by Anne Marie Killilea, MSN, RN
It is no wonder that the lasting effects of COVID-19 continue to wreak havoc in all areas of our lives. Two years of social distancing and wearing masks, along with living in fear of contracting the disease or subset of it, have caused problems in the workforce. Throughout our country, we see countless signs of “We’re Hiring!” hung over many doors to once thriving businesses. Realizing that their current job was not the best for them, workers quit their jobs in search of other employment opportunities that would give them better benefits, hours of work, or even just for an atmosphere of appreciation. The vacancies in many businesses have caused complications such as delays in production, shipping, and even stocking. Another business to be aware of is pharmaceutical companies which directly sell prescription drugs to customers.
Pharmacies are not immune to employee resignations and as a result, their productivity has also been affected from the vacancies. Even though the people left behind are fully capable and work hard to provide services for everyone, each customer needs to be savvy and read the labels on all of their medications for their own safety.
Since 2020 when I had the COVID-19 virus, I just never felt well. I have been short of breath and extremely tired. Chest x-rays never provided any information about why I was so tired. Some people who contracted the COVID-19 virus are now reporting symptoms of “Long COVID”, demonstrating a long list of ailments which they suffer from after the initial infection period. Doctors are just beginning to understand the ramifications of just how devastating this disease is, and this list is very long. For me, after a year and a half of feeling lousy, I have been diagnosed with pulmonary fibrosis. My old asthma medications do not work well enough to keep my lungs open. I am on a new medication, but the physician’s order is a bit complicated. Here is where the need to read every line on the pharmacy label and the doctor’s order to make sure that both match up correctly. Without being astute and consumer savvy, you could be given the right medication with the wrong dose, or even worse.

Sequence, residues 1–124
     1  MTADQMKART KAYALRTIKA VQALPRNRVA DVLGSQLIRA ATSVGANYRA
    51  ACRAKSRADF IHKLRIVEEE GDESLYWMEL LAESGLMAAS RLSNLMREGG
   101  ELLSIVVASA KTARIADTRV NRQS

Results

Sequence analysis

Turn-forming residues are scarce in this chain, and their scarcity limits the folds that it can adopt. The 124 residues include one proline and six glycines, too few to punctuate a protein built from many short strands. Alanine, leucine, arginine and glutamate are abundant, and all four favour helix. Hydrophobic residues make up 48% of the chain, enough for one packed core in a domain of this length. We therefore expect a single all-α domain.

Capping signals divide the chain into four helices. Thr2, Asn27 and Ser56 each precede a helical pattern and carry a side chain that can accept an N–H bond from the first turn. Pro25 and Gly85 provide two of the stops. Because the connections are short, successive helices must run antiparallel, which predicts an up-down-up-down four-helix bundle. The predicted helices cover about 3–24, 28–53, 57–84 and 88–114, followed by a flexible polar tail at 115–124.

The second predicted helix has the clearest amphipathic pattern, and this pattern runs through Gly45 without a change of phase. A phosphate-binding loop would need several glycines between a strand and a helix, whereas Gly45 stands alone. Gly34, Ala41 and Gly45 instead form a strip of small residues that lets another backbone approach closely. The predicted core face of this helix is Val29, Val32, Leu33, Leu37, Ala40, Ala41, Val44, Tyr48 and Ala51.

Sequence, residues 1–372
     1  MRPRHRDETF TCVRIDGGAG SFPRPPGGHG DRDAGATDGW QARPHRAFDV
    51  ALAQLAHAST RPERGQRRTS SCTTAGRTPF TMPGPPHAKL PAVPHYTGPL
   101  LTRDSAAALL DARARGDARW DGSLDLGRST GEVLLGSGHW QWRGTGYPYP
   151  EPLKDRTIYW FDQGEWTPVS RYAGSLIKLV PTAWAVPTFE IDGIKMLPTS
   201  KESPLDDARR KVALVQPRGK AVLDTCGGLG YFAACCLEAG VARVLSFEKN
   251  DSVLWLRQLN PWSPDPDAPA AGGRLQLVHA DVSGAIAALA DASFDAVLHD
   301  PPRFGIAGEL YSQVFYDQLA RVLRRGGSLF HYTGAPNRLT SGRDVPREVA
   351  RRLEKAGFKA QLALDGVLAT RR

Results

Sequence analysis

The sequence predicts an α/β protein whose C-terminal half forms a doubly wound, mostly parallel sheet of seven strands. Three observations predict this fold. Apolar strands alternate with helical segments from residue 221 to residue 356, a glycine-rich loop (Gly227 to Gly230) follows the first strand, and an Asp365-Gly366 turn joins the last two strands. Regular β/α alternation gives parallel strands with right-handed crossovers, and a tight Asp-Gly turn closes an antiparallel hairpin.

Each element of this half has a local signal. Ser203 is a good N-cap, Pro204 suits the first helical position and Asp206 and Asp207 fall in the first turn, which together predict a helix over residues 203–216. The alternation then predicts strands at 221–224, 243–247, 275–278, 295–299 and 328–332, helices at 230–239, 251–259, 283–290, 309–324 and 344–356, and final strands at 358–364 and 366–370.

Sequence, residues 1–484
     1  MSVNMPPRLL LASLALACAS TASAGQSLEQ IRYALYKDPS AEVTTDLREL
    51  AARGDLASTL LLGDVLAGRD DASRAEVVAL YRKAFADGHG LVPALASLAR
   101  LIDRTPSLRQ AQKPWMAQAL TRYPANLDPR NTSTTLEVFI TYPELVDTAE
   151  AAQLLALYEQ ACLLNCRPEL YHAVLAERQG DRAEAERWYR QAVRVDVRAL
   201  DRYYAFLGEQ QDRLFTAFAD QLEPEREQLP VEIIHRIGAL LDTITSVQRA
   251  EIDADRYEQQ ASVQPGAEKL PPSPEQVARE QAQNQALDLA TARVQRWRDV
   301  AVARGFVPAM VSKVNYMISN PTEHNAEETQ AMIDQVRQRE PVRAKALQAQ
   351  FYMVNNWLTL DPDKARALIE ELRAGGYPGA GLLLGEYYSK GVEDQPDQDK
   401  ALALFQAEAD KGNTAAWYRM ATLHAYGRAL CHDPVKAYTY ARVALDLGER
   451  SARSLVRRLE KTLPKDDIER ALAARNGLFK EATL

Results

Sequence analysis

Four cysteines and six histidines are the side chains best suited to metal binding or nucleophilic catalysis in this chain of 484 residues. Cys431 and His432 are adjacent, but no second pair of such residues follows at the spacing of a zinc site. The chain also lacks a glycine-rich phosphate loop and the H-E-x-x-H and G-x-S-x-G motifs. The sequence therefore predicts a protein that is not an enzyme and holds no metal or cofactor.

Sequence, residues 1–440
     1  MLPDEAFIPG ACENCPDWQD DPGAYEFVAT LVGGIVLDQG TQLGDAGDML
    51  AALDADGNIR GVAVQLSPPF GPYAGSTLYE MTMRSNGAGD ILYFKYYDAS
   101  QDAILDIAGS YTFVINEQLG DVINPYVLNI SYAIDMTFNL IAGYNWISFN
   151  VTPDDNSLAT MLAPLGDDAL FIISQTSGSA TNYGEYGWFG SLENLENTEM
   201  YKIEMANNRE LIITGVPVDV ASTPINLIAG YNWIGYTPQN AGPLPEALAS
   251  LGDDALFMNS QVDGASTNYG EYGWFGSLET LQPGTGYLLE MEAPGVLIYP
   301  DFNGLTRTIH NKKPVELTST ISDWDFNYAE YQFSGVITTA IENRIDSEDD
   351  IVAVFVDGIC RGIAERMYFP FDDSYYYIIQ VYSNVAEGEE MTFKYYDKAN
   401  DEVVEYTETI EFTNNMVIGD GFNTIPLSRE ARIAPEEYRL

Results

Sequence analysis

In my case, I was given a new inhaler which contains three medications. These three medications are divided up into two pills; two medications in one pill, and one in the other. Each time I turn the lever, the container crushes the two pills to inhale this in the morning. So, each container contains 60 pills. I checked to see how many days this new prescription would cover and the pharmacy label wrote “60 days”. This is wrong! If the container crushes up two pills each day I will only have enough medication for 30 days, not 60! 60/2=30. I went back to the pharmacy and spoke to a pharmacy technician. There was only one person manning the register and answering questions. He politely said it was a “computer error” and immediately corrected the number of days this container of medication would cover.
Other inhalers have also proven to be difficult when calculating how many days each prescription will last. My inhaled asthma medication contains 124 puffs per container. To purge the inhaler, I must push four puffs out into the air to activate the inhaler. So, I am left with 120 puffs in the inhaler. My doctor’s order stated: 3 puffs in the morning and evening time. According to the label from the pharmacy, the number of days this prescription would last was 40. Again, this is wrong! The computer read only the 3 puffs in the morning and could not interpret the additional 3 puffs in the evening, which was also part of the physician’s order. 120/6=20. My prescription was only going to cover 20 days, not the 40 written by the computer. Again, I had to go back to the pharmacy and talk with a pharmacy technician or pharmacist to make sure that the number of days that this inhaler would provide medication was in fact 20 days, not the 40 originally written.